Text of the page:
Murder accused told gardaí he stabbed deceased three times, court told

By Alison O'Riordan

A man charged with murdering a father-of-one in north Dublin told gardaí that he stabbed the deceased in the side three times with a knife, his trial has heard.

The jury also heard the accused came to a garda station of his own will and told officers: “I was involved in the incident, the chap is dead now and I need to give him peace.”

Sergeant Patrick Traynor was giving evidence to the Central Criminal today on the third day of the 25-year-old’s trial.

Andrew Gibney of Dromheath Avenue, Mulhuddart, Dublin 15 has pleaded not guilty to murdering Gerard Burnett (28) at Castlecurragh Vale, Mulhuddart, Dublin 15 on August 21, 2012.

Sgt Traynor told prosecuting counsel Vincent Heneghan SC that he was on duty on August 28 when Mr Gibney and his father came into Blanchardstown Garda Station. They requested to speak to someone about the death of Mr Burnett, he said.

The witness agreed with Mr Heneghan that Mr Gibney said: “I was involved in the incident, the chap is dead now and I need to give him peace.”

Mr Gibney, who agreed that he had come to the garda station of his own free will, was then cautioned.

The accused told Sgt Traynor that he had a knife on the night of the incident and had used this knife on Mr Burnett by stabbing him "three times in the side".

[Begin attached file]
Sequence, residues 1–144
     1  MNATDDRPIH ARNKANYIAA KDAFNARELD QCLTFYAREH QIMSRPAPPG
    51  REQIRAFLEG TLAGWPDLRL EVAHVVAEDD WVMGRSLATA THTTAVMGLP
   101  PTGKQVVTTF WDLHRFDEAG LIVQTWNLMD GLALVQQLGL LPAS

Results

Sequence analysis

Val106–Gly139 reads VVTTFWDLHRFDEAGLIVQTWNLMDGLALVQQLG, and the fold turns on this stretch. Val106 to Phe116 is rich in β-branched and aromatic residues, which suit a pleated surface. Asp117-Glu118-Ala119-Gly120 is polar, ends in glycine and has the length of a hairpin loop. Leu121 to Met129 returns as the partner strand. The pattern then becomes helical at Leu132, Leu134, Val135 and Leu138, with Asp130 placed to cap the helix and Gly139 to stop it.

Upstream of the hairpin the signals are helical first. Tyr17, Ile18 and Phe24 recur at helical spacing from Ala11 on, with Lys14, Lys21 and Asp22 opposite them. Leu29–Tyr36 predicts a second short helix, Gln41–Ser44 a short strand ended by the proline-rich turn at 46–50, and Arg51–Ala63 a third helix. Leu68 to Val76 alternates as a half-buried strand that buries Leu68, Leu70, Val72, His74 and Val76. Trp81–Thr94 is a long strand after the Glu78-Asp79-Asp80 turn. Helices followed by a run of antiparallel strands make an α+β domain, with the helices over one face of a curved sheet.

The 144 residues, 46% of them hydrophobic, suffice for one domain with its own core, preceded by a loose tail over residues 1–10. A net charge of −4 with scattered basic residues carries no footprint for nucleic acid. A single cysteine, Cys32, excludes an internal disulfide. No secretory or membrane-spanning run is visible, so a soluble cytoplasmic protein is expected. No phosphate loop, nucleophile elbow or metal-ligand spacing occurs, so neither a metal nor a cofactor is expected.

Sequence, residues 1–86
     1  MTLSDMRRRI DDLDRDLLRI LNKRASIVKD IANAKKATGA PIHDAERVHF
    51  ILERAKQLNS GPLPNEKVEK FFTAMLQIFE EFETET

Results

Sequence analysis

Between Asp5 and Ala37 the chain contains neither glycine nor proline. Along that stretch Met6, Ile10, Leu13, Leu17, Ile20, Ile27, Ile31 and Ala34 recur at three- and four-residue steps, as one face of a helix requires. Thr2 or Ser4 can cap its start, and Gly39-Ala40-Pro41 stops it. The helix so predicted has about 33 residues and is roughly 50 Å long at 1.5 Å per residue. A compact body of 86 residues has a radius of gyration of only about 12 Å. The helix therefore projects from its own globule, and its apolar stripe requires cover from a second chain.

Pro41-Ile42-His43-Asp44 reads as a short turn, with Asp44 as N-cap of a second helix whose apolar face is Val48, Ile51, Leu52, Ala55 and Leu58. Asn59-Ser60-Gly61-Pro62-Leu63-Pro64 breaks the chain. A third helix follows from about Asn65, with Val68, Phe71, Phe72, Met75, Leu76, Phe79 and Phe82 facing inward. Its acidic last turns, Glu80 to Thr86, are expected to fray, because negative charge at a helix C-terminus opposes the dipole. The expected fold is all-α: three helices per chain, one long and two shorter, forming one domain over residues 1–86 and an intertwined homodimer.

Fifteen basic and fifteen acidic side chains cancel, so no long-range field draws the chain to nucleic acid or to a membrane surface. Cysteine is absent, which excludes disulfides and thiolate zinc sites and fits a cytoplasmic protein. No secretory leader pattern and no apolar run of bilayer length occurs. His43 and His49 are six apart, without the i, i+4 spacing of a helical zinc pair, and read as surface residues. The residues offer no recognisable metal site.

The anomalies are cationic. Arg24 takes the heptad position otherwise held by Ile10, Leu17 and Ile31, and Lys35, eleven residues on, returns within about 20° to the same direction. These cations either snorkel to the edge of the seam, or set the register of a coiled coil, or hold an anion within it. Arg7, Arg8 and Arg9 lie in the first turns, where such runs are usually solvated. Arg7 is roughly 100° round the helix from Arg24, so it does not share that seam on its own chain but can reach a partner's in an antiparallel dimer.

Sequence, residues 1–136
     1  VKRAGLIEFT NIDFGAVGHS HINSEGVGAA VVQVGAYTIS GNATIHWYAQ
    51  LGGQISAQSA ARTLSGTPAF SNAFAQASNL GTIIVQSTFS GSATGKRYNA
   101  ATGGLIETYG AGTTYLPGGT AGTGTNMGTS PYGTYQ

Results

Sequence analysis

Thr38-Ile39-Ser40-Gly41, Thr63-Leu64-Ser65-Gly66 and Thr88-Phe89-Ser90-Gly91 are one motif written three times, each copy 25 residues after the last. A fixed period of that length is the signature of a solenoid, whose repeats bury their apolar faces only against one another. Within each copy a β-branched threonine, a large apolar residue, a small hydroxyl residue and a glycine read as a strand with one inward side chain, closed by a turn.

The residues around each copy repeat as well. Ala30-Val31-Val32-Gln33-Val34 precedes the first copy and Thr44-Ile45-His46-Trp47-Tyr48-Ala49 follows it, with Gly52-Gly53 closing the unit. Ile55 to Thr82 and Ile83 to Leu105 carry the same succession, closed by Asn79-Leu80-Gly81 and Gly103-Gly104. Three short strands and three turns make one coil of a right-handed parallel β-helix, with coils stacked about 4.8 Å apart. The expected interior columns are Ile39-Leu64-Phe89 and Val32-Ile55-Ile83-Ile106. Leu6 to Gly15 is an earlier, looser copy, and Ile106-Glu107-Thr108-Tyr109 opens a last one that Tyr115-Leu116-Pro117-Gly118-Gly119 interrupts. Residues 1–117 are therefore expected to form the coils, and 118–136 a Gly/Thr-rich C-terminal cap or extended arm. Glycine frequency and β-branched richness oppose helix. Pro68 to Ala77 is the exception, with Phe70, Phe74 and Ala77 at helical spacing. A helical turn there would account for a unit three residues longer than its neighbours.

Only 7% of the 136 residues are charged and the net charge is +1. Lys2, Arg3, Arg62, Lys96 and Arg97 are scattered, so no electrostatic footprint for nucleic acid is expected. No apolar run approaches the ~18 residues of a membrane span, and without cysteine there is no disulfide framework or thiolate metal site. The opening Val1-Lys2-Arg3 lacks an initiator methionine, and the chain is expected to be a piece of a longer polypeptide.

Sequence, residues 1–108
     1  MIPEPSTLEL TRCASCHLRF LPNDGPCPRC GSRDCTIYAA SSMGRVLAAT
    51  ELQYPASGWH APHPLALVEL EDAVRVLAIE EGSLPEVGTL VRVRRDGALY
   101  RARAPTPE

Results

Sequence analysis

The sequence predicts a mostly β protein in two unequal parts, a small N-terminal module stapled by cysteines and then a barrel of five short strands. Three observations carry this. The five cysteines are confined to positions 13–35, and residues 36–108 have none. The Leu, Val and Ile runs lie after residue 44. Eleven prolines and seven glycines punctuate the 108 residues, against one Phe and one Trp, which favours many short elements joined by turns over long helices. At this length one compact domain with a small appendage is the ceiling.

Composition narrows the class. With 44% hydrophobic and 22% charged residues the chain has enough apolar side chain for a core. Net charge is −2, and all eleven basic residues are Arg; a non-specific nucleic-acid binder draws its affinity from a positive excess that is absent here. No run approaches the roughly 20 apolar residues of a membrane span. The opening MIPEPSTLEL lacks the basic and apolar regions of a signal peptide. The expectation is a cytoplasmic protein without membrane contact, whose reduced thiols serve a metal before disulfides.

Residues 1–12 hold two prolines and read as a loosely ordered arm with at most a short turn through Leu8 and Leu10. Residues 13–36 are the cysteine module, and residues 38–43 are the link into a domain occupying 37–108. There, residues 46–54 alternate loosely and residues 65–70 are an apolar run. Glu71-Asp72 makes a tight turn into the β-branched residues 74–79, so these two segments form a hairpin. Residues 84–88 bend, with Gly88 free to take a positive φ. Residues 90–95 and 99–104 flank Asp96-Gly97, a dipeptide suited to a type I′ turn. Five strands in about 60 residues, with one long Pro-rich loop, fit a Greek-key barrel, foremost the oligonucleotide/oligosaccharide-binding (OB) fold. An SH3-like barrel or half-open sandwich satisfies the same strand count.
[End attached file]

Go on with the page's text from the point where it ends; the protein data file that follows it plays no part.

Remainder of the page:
Chief State Pathologist, Professor Marie Cassidy, yesterday gave evidence that she carried out a post-mortem on Mr Burnett's body on August 22, which had been found in the porch of his house at Castlecurragh Vale. Dr Cassidy told the court that there were 30 knife injuries to the deceased's body, the majority being stab wounds but only six stab wounds had deeply penetrated the skin. She

testified that these six stab wounds were to the right side of Mr Burnett's chest and had caused internal injuries to his right lung, heart and liver.

Sgt Traynor agreed with counsel that Mr Gibney’s father was present throughout their conversation.

When the accused was asked by Sgt Traynor if he wanted to add or change anything to his statement, he said: “No, I’m sorry to the family.”

Mr Gibney was then arrested for the offence of assault causing serious harm, the court heard.

Under cross examination by Giollaíosa Ó Lideadha SC, defending, Sgt Traynor agreed that Mr Gibney and his father were upset at the time.

The witness also agreed that Mr Gibney’s father had been away on holidays and when he came home he had found his son “in a ball", crying in his bedroom. The two men spoke and then went to

Blanchardstown Garda Station to make an admission, the court heard.

Earlier, the court heard that gardaí conducted a search at Mr Gibney’s home on August 27 and four kitchen knives were seized.

The trial continues tomorrow before Mr Justice Paul Butler and a jury of five men and seven women.

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